The sun shined on Saturday as hundreds convened at Pasadena for a Women’s Rally and later at a Women’s March in downtown Los Angeles, one of nearly 50 in the state and 673 across the globe.
“When they go low, we go local,” said Pasadena High School senior Gabriella Villegas to a crowd of over 500 women, men and children at the steps of the Pasadena City Hall Rotunda.
Event organizers encouraged the public to join existing local organizations– quoting former President Barack Obama on their Facebook page– to “restore the sense of common purpose that we so badly need right now.”
Rally participants clamored for civic engagement and celebrated human rights before boarding the Metro Gold Line to join a Women’s March in Los Angeles that drew 750,000, according to event organizers.
They hoisted signs in support of freedom of speech, the right to choose, affordable healthcare, religious freedom, wage equality, environmental protection, gun control, disability services and quality education while standing by Planned Parenthood, Black Lives Matter, women, immigrants, Muslims and LGBTQ rights.
“I think this presidency sort of was the straw that broke the camel’s back,” said Monrovia Resident Donna Baker, who met up with her sister Rose McCabe and friends Cathy McCallum, Isabel Cobos Houser and Mary Ann Lutz in Pasadena.
Baker, who witnessed the second-wave feminist movement in her teenage years, had participated in anti-nuclear protests during the 1970s and 1980s and the Greenpeace campaign against the clubbing of baby seals off Canada’s Newfoundland and Labrador coastal regions. Yet Saturday’s event seemed one of her biggest priorities.
“We’re all humans when you cut right to the chase,” she said.
Irma Cooper, a speaker at the Women’s March and president of LA’s Chapter of The National Association of Black Military Women, said the country has been seeing progress, “but it is slow.”
Cooper, who served in the United States military for 30 years as a registered nurse, recalls the days women were not allowed to command hospital units.
“That was a great achievement when women were starting to command,” said Cooper, whose first command in California was the largest in the state with over 5,000 soldiers.
“We are not against [President Donald Trump] but we want to make clear [we] have a voice and our voice will be stronger as we unite.”
Jan Sanders, Pasadena resident and chair of the Women’s Rally in Pasadena, said the rally was in part created to ameliorate feelings of discouragement due to Hillary Clinton’s loss of the election, “not necessarily Trump’s winning of the election.”
Yet much sentiment at the rally and march was directed towards the president, sworn into office the prior day. To those who were angry, scared and unsettled, state Senate President pro Tempore Kevin de León (D-Los Angeles) addressed the crowd’s concerns at the rotunda.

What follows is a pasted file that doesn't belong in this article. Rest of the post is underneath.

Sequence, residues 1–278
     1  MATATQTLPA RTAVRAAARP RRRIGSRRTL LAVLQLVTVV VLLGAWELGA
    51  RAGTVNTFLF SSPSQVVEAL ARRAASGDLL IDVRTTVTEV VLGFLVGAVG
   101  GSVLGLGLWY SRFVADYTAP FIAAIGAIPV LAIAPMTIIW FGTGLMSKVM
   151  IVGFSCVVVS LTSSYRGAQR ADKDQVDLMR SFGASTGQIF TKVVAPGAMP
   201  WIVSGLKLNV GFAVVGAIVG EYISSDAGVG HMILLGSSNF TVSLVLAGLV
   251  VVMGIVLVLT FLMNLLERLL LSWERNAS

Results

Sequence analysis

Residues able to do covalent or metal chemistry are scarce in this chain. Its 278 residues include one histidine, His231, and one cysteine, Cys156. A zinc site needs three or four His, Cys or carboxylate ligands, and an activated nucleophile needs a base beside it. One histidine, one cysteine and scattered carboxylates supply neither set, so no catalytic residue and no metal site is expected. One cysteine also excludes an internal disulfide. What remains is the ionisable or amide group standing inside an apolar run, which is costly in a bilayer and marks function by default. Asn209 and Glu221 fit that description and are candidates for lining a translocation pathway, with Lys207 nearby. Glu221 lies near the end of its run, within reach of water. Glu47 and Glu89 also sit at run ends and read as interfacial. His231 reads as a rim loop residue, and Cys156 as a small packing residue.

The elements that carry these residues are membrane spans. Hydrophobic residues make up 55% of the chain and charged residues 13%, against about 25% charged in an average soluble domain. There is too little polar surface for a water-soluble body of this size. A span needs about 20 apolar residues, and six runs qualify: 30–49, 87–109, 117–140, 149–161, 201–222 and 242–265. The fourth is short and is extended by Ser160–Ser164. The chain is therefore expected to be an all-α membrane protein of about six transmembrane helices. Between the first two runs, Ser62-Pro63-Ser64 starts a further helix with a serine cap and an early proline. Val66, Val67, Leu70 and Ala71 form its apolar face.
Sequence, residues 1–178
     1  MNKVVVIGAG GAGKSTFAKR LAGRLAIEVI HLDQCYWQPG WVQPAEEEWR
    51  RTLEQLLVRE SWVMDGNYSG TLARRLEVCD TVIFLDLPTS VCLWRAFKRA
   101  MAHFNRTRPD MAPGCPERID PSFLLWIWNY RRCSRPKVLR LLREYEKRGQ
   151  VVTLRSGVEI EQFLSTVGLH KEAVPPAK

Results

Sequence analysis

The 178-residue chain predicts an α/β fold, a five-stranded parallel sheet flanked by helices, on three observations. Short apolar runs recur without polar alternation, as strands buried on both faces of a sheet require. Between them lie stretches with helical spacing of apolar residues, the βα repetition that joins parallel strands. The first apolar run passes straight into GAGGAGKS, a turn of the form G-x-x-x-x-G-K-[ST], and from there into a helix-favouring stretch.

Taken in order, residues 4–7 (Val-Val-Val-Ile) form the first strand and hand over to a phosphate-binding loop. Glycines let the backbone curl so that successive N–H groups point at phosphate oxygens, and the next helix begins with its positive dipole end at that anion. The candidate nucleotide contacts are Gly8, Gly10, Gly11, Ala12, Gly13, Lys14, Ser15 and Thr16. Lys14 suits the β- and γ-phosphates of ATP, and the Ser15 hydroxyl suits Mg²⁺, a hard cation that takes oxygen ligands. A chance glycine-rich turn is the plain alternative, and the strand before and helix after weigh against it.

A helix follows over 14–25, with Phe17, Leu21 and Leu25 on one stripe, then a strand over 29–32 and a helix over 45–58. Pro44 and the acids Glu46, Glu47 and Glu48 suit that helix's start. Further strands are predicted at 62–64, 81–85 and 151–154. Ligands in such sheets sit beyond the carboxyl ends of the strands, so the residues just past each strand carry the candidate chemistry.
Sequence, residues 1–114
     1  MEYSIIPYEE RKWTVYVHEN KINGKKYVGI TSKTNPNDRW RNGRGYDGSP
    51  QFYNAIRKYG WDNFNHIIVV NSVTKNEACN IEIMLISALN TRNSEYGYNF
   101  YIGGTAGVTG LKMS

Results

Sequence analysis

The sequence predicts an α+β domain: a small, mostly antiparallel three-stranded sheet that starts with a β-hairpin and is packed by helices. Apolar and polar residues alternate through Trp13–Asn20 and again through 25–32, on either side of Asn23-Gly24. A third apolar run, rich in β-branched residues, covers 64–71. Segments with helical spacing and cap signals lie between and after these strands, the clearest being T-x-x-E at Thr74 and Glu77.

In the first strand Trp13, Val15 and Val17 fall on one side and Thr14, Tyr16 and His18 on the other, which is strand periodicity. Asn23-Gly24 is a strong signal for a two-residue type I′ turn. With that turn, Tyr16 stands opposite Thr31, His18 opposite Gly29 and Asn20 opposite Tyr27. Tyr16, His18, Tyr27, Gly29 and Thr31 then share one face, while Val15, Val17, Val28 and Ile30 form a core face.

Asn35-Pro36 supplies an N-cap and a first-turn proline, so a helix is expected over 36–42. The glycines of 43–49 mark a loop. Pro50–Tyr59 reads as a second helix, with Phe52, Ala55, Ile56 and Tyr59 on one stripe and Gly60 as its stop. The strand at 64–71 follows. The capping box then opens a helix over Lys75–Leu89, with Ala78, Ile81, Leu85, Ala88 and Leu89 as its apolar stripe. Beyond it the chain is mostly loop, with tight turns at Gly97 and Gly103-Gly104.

“One election and one man will not change the values of the great state of California,” de León consoled the crowd. The state “will be there for each and every one of you.”
The 2016 presidential election was a “tragedy” for McCallum, a 66-year-old Monrovia resident.
On election night, her 25-year-old daughter Julia Fouser sent her a chilling text, “I’m going to lose my healthcare.”
Fouser was one of the many reasons McCallum decided to attend the Pasadena rally and LA march. For one, Fouser has a pre-existing condition. And two, Fouser is a lesbian.
On Friday McCallum packed a bag with a jacket, water bottle, snacks and prescription medication she needed on a daily basis; her husband loaded her TAP card so she would be ready to board the Metro train the next day.
McCallum was blown away by the multitudes of individuals and families lining up at the stations’ platforms and taken aback by the “pure love and kindness” people seemed to show for each other.
Despite prolonged Disneyland-like lines, people clapped and cheered as trains that came and left the terminals carried passengers with pussyhats and boisterous posters.
“I’ve never seen people in a group size that big being so nice to each other,” said McCallum, who had not attended a protest since the Vietnam War.
McCallum waved back briskly to gleeful children whose faces were glued to the windows aboard the trains.
“It’s never been this packed ever,” said Nalani Coleman agreed.
Among those waiting to board the train was Alta Dena resident Lauren Marks, who came to march with her parents and son, carrying a poster that read, “My baby’s grandma can’t believe she still has to protest this [expletive].”
North Hollywood resident Ellie Reed decided to take an Uber to LA to escape the long wait at the Metro stations. Upon arriving to City Hall, she told her friends, “This is the happiest I’ve felt since November 7.”
“It’s so incredible,” Congresswoman Judy Chu (D-Pasadena) told crowds in LA, “and to think about what’s happening all across this country, over 600 marches, over 2.2 million women fighting for their rights.”
“This cannot be the only time we come together,” said Sue Dunlap, president and CEO of Planned Parenthood of Los Angeles. “This is the beginning of standing up for all our communities.”
Near the end of the march, people hung their posters on a wall near Grand Park in a symbol of unity.
“We will not let darkness prevail,” said Hannah-Beth Jackson (D-Santa Barbara). “It is morning in Los Angeles.”